The time to relax is when you don’t have time for it. Sydney J. Harris
No doubt stress is a timely topic as, for the past 22 years, April has been designated as Stress Awareness Month, by the Health Resource Network. I’ll add that I find myself somewhat confused because, according to Days of the Year.com, November 4, has been designated as Stress Awareness Day. Shouldn’t Stress Awareness Day be part of Stress Awareness Week? I’m just saying.
Last week I encouraged (OK, urged) you to become increasingly aware of stressful experiences. The first steps to change are awareness and insight. Now that you’re more aware of when and perhaps why you experience stress, let’s move on to reducing the severity and frequency of stressful experiences.
It’s probably best here to define what I mean by stress. I characterize it as anything that poses a challenge or threat to our well being. That would be anything that creates fear. It seems to me that the word stress is a new millennium word for fear. So when I say “I’m really stressed out about this,” the words come from thoughts that say, “This really scares me.” Try it out. The next time you’re feeling stressed, ask yourself, “What fearful thoughts am I entertaining?” Maybe it will help you to get in touch with the source of your stress.
The greatest weapon against stress is our ability to choose one thought over another. William James
So as we move on to the subject of reducing the severity and frequency of stressful experiences, I’m afraid that I have some bummer news. There’s nothing new to suggest. Here we go again, if you want to reduce stress;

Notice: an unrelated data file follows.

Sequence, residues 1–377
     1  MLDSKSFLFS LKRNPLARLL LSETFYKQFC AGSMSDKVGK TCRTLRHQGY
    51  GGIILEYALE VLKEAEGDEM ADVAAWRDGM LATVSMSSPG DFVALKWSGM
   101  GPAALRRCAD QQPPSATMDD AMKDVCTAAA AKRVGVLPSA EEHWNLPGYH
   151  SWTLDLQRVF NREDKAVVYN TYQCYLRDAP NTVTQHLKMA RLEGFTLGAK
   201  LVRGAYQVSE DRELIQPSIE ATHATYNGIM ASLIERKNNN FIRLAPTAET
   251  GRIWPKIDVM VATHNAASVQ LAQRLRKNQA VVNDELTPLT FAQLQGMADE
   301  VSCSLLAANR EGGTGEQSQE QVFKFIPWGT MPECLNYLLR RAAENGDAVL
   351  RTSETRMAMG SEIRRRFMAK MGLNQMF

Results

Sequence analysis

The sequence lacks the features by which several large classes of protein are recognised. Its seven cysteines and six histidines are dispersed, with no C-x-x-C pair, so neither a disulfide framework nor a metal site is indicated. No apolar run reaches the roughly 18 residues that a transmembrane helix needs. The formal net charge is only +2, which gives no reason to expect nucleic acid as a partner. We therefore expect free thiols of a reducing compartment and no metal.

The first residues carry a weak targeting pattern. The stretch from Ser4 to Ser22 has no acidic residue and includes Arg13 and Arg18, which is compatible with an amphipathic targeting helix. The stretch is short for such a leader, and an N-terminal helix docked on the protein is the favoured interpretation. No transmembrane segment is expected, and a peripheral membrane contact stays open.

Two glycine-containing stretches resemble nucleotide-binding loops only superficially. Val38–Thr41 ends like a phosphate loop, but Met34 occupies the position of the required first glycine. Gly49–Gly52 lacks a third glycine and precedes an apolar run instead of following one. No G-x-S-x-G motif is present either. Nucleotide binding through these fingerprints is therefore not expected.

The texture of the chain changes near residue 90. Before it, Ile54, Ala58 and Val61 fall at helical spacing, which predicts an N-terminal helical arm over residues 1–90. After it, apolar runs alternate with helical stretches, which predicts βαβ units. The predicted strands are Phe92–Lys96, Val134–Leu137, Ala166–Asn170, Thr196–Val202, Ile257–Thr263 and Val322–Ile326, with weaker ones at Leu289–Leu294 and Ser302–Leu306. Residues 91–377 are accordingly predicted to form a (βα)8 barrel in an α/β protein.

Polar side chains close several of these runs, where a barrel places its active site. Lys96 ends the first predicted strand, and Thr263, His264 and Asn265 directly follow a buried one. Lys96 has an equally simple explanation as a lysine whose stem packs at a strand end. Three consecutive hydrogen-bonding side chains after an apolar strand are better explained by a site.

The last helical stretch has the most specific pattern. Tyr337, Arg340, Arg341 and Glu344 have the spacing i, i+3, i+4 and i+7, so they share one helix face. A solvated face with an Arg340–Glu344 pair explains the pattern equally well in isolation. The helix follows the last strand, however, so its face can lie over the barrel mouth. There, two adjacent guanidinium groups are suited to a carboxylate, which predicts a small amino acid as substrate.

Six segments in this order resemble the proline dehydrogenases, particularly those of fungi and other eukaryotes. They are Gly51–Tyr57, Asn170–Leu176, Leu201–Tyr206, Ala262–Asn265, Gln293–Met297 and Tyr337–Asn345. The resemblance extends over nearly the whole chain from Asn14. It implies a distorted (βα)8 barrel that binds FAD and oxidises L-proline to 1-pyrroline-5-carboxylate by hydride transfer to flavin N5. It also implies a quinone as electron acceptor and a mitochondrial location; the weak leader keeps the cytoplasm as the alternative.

- Eat a healthy diet
- Meditation, relaxation
- Yoga, Tai Chi, etc.
- Have fun
As they say in the info-mercials, “But wait there’s more!” According to Mayo Clinic’s Tips to Tame Stress, try these too.
- Get active – goes along with Exercise in our first list.
- Laugh more – listen to comedic routines (search “comedy” on YouTube), read some jokes (Google “jokes”).
- Connect with others – instincts may be to wrap yourself in a cocoon. Instead, reach out to family and friends for social connection.
- Assert yourself – you may want to do it all, but you can’t, at least not without paying a price. Learn to say “no” or “no thank you.”
- Get enough sleep
- Keep a journal – I love Julia Cameron’s Morning Pages which are part of her Artist’s Way course. She advises us to write long-hand, three pages of journaling every morning. Just write, don’t think, just write whatever comes to mind.
And last, but most definitely not least, you could try the opposite of what Lindsay Holmes, Healthy Living Editor for The Huffington Post, suggests we do to Be the Most Stressed Out Person You Know.
- Stay plugged in 24/7 – spend the majority of the day with your devices. They have been scientifically proven to stress you out.
- Keep everything bottled up inside.
- Be a couch potato – there we go with exercise again!
- Sacrifice your passions for your paycheck (I’ll add, or your relationships).
- Aim for perfection – perfectionists strive to have everything just right and this can lead to a stressful lifestyle.
- Overanalyze everything – when has a stressful situation been resolved by obsessing over it?
- Shop, shop, shop – materialism may intensify stress’s effects.
- Feed off other people’s stress – getting swept away in someone else’s problems can stress you out.
- Make “I’ll sleep when I’m dead” your motto – sleep deprivation can significantly affect stress levels.
- Disregard your finances – according to the American Psychological Association, approximately 76% of Americans cite money as a significant source of stress in their lives.
Remember friends, do the OPPOSITE of the above to relieve stress.
In closing, what’s essential is that we take action when experiencing stress. Avoid verbalizing our stressful experiences without taking one small step away from them. Doing so welcomes calmness in our lives. We become calm, focused, relaxed, and energized expressions of infinite possibilities.
We are not victims of stress, we are victors over stress. Tom Wendt